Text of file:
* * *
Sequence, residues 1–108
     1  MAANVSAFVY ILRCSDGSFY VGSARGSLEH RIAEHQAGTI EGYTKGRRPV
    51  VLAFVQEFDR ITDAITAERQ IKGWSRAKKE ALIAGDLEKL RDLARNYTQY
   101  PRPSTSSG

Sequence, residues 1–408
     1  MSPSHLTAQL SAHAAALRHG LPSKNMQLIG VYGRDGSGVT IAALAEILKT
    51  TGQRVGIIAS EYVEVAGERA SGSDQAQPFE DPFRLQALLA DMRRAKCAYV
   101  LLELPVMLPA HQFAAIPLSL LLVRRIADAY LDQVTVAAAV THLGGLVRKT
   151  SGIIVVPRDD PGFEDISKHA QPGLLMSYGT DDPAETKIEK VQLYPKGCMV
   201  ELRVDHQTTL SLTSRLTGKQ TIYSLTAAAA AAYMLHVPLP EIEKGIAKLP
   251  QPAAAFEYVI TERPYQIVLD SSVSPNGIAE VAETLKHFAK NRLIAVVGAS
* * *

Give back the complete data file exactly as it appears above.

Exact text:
Sequence, residues 1–108
     1  MAANVSAFVY ILRCSDGSFY VGSARGSLEH RIAEHQAGTI EGYTKGRRPV
    51  VLAFVQEFDR ITDAITAERQ IKGWSRAKKE ALIAGDLEKL RDLARNYTQY
   101  PRPSTSSG

Sequence, residues 1–408
     1  MSPSHLTAQL SAHAAALRHG LPSKNMQLIG VYGRDGSGVT IAALAEILKT
    51  TGQRVGIIAS EYVEVAGERA SGSDQAQPFE DPFRLQALLA DMRRAKCAYV
   101  LLELPVMLPA HQFAAIPLSL LLVRRIADAY LDQVTVAAAV THLGGLVRKT
   151  SGIIVVPRDD PGFEDISKHA QPGLLMSYGT DDPAETKIEK VQLYPKGCMV
   201  ELRVDHQTTL SLTSRLTGKQ TIYSLTAAAA AAYMLHVPLP EIEKGIAKLP
   251  QPAAAFEYVI TERPYQIVLD SSVSPNGIAE VAETLKHFAK NRLIAVVGAS